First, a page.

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Orphan Drug Designation has been given by the FDA for chimeric antigen receptor engineered T cells directed against the target protein CD4 (CD4CAR) for the treatment of peripheral T-cell lymphoma (PTCL).

FDA. FDA... - Click to enlarge in new windowFDA. FDA

Although there are clinical development programs ongoing with CAR T cells for CD19+ cell hematological malignancies, CD4+ peripheral T-cell lymphomas (PTCLs) have not been targeted by a CAR therapy in a human trial. PTCLs account for 10-15 percent of all non-Hodgkin lymphomas (NHLs) and are more difficult to treat in comparison to B-cell NHLs.


Furthermore, and with few exceptions, T-cell NHLs have poorer outcomes, lower response rates, shorter times to progression, and shorter median survival in comparison to B-cell NHLs. As a result, the standard of care for PTCLs is not well-established, and the only potential curative regimen is bone marrow transplant (BMT).


However, not only is BMT poorly tolerated, but it is not an option for a significant subset of patients with resistant disease. This leaves many patients with no curative options.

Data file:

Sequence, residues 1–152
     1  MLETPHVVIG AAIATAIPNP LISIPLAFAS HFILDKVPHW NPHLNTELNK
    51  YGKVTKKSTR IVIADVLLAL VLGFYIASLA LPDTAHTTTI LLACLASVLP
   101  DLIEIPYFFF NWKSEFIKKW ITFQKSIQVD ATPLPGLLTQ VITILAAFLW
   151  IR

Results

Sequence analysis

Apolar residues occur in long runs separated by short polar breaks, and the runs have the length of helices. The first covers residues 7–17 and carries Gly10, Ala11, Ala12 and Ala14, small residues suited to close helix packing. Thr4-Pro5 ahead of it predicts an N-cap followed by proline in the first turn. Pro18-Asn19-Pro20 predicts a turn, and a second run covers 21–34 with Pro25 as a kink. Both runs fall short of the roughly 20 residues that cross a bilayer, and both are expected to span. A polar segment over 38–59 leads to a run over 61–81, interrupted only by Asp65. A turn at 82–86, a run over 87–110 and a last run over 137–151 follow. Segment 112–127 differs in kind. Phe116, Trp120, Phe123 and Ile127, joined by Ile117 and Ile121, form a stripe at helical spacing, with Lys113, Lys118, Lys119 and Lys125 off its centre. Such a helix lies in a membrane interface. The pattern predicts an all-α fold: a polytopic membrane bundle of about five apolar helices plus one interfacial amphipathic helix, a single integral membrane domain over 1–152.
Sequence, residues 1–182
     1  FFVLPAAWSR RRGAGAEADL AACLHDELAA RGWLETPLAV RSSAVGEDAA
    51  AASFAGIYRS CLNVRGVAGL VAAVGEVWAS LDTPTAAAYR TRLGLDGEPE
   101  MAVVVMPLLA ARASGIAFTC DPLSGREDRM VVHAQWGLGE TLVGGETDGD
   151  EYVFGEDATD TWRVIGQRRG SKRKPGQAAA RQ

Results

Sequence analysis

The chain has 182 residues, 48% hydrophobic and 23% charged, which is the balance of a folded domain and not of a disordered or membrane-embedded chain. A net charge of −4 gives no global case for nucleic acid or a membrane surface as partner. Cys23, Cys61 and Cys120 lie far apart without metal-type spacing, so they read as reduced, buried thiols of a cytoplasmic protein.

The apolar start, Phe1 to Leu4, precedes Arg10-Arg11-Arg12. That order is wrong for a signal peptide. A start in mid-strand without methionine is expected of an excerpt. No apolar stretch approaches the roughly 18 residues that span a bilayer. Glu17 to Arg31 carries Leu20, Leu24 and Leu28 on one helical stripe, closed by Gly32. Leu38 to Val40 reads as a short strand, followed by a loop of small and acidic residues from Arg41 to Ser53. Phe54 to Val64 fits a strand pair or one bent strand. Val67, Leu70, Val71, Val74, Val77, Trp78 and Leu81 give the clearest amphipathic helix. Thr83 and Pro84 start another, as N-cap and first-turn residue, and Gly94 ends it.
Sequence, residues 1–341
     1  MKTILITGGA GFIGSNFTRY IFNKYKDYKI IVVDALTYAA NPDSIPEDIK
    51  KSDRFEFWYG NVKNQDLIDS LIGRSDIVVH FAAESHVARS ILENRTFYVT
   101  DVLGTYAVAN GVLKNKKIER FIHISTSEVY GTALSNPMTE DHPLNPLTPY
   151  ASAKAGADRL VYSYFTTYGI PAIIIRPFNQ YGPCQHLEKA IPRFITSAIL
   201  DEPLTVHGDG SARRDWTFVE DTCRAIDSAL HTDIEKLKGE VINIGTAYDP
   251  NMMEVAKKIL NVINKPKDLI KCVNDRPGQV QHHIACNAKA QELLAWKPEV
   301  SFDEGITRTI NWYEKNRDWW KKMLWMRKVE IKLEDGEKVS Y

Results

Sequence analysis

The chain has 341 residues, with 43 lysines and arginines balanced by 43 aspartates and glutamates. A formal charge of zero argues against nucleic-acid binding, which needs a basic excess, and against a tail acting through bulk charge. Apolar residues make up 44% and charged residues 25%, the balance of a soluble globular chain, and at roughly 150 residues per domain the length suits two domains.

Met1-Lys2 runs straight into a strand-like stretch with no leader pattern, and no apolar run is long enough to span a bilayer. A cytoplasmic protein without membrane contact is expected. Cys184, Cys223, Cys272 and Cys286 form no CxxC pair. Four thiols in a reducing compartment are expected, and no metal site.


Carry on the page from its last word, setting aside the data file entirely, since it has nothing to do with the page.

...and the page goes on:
CD4CAR is in development for CD4+ T-cell malignancies. The novel CD4-specific chimeric antigen receptor engineered T cells are properly-matched allogeneic human T cells engineered to express an anti-CD4 scFV antibody domain. An initial phase I clinical study is being planned through collaboration between iCell Gene Therapeutics, the NIH, Indiana Clinical and Translational Sciences Institute, Stony Brook University Hospital, and the Division of Blood and Bone Marrow Transplantation and the Clinical Trial Research Unit at James Graham Brown Cancer Center at University of Louisville.